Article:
I’m getting a presentation ready for the Oxford Geek Night this Wednesday. I’m doing a keynote called “Take a Walk on the Happy Path”, which is based around the notion of lazy registration and other new interaction patterns that are making it easier to interact without having to register or log in. (BTW drop by if you’re around Oxford this Wednesday.)
One aspect is email. I’m seeing the email-driven interaction pattern get more and more popular. 2010 will be the year of many things, but I can see one thing being particular prominent in 2010: good ol’ email.
And having used Posterous a couple of months now, I can see why. Lots of unanticipated reasons to use it. e.g. I mail an answer to someone, but CC it to posterous so it goes on my public blog too. Or I flag some pics on iPhoto and email the lot in one go to Posterous so they appear on my Posterous blog and in my Flickr account, with requisite tweet if I like. Or I record an MP3 on my iphone (if only an app would actually do that) and send it to my Posterous blog – instant podcast!
It’s just old-fashioned email, but suddenly it got a whole lot more useful! The ubiquity of email has until recently been underutilised in a big way.
http://picwing.com is a new startup whose premise is mail them your photos for print. I can see other upstarts taking similar advantage of this pattern to build a competitive advantage, and combining it with Lazy Registration will help them take on the incumbents. And the incumbents will likely introduce the pattern to combat them, just as Dopplr introduced it after Tripit’s itinerary email procedure came along.
A few things worth noting:
- It’s been done before by pioneers like Flickr, and probably much earlier than that. But now, we’re trying our luck with simple email addresses like firstname.lastname@example.org and email@example.com. Not a secret email address with a password/PIN in it.
- That could be a bad thing, as it’s possible to spoof the From: address. So security measures need to be in place and you can’t use it for anything too important. But most things aren’t. No need to throw out the baby with the bathwater, as long as services are designed around the fact that identity fraud is a more likely possibility than normal. One good pattern is simply a confirmation reply by email.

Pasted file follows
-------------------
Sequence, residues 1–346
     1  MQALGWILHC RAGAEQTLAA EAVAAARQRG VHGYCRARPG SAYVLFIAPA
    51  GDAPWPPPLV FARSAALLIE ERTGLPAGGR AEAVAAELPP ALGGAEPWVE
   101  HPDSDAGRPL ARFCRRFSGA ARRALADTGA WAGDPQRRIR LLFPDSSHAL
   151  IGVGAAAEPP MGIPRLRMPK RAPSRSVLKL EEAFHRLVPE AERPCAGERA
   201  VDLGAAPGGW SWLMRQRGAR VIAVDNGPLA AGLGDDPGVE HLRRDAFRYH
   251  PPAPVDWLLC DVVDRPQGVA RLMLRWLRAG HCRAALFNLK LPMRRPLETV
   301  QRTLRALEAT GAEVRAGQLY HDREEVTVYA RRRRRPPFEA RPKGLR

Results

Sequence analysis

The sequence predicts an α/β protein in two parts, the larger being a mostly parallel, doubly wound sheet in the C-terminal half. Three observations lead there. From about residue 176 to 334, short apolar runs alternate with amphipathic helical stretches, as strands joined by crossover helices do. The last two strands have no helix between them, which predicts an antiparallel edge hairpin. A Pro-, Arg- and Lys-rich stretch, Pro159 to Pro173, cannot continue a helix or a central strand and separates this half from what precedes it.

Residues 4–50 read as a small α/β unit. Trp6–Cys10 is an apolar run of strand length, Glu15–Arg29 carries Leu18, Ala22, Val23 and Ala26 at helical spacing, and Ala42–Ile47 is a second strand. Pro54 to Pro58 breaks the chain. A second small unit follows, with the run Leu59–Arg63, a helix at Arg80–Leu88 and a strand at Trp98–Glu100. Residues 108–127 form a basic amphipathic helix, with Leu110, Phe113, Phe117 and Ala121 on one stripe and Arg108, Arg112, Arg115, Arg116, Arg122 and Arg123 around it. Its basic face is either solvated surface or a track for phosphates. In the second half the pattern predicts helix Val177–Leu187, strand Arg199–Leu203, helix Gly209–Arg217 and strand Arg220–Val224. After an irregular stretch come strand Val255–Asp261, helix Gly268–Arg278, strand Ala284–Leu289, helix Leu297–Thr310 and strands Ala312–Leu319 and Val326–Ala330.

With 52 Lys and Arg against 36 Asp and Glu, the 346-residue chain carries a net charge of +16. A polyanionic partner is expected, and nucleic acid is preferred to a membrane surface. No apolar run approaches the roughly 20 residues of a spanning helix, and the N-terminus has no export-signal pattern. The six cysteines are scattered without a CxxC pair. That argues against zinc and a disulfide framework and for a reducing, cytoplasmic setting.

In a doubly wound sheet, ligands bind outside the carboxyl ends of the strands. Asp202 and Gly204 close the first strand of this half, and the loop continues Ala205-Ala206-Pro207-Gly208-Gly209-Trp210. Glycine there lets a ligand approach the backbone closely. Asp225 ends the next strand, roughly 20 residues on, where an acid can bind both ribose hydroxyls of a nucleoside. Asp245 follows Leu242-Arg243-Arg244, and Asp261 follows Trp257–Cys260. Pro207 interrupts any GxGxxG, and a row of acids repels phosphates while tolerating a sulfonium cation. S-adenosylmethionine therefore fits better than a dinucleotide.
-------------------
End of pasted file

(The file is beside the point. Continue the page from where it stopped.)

- It’s more than just an email to a simple address though, because posterous is using email as a command-line. e.g. firstname.lastname@example.org will go to flickr and twitter; email@example.com to everything that makes sense, and firstname.lastname@example.org only to my blog. Maybe sounds complicated to the unfamiliar, but pretty simple once you get used to it. And most people will only ever use and care about email@example.com, so it’s all good.
- The pattern extends more broadly than email, to encompass SMS interaction and interaction from specialised devices.
Oh. This would be a good time to officially announce my Posterous blog: mini.softwareas.com. Somewhere between my Twitter and this blog, it’s been a great avenue for expanding on things that can’t possibly be said in 140 characters, but don’t warrant the longer, slightly more formal writing (well, I use hyperlinks occasionally) you see here. I also use it as a general scrap book and a place to just drop content and data into, where each random bit collection gets a URL … a glorified pastebin. In fact, it’s changing the way I write here too, as I’m using less markup and less links overall. This blog post comes to you via email in fact, as it’s just easier and lets me write things where I otherwise wouldn’t bother. So maybe this blog will converge a bit with my Posterous blog.
Also, Twitter’s handling of historical data is pants. I laugh, I cry, I laugh, I cry every time someone says Twitter will crush Google, it’s the new search, when they can’t even search tweets from more than 2 weeks ago. Yes, I realise it’s all about real-time now, and searching last month is so, well, last month. But I want to use Twitter in a way that I can easily search back to things I’ve been doing and links I’ve been noting; and, as it stands, I can’t. So I’d much rather pump all my tweets through something that is properly searchable. I still do tweet directly at times, but mostly because it’s convenient from TweetDeck; as soon as there’s an equivalently good Twitter client that posts to posterous – or just sends tweets to an email address, hah! – I’m out.